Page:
# What is the advantage of using a function with variable number of arguments whereas taking a list

I recently asked a question on which I need to use a function with variable number of arguments.

But as I am trying to solve my problem I just wondered : what are the advantages of using a function with variable number of arguments (using the notation f[x__]) whereas using a function that takes a list as a parameter (because a list can have any number of elements).

Does the first method allows more flexibility or both can answers the exact same problems ?

• It is a vague and general question. What answer are you expecting ? Jun 20, 2017 at 11:03
• I found it quite clear, it touches on quite an advanced subject. I say leave open. Jun 22, 2017 at 6:32

Yes, the first method does allow more flexibility, specifically with regard to attributes.

Built-in functions that accept other functions often assume that they take multiple arguments. For example if you define your function f[a_, b_] := ... you can use:

• Array[f, {2, 3}]
• Fold[f, {a, b, c}]
• MapIndexed[f, {1, 2, 3}]
• MapThread[f, {{1, 2}, {x, y}}]
• Outer[f, {1, 2}, {a, b}]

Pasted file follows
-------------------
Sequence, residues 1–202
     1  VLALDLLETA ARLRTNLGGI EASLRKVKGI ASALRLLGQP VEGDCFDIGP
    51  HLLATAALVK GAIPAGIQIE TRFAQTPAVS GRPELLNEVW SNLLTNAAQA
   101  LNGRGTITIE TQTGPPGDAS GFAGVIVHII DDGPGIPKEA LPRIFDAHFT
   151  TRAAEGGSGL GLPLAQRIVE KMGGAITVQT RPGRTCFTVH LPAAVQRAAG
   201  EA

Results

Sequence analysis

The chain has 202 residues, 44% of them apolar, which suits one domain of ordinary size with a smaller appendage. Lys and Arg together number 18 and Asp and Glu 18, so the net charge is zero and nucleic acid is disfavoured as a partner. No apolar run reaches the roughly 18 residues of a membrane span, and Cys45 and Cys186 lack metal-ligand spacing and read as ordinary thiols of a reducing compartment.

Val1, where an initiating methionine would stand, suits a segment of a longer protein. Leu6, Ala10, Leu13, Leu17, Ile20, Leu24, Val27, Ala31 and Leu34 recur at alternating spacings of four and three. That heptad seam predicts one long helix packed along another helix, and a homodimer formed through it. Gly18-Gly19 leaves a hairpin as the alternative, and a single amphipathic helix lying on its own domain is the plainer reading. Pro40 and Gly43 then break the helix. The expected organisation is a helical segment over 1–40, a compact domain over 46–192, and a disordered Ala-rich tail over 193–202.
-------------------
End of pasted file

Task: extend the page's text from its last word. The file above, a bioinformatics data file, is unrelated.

• Inner[f, {a, b}, {x, y}]

etc. None of these will work right with f[{a_, b_}] := ...

It's good to think deeply about reasons for implementation details. I'll throw in an example and, hopefully others will contribute in greater detail.

Some internal functions, such as Times or Plus (as I showed in your previous question) take not a list, but a sequence of arguments.

If your definition of your f[x__] contains a lot of Times[x] and Plus[x] or similar things, it might make sense to prefer using f[x__] rather than f[x_List] and then doing Sequence @@ x everywhere. If, on the other hand, the right hand side does better with lists, of course the latter definition makes more sense, so the general answer is "it depends".

You can do even better, though, by using more advanced pattern constructs:

f[a:{x__}] := Plus[x]
f[a:{x__}] := Total[a]


The two definitions above give the same result, but access different things (the first extracts every element out of the list and feeds it to Plus, the latter takes the entire List that we named a as a whole and feeds it to Total. This behavior may have important implications for performance (packed arrays), but I'll leave this part of the discussion for someone else to answer in detail.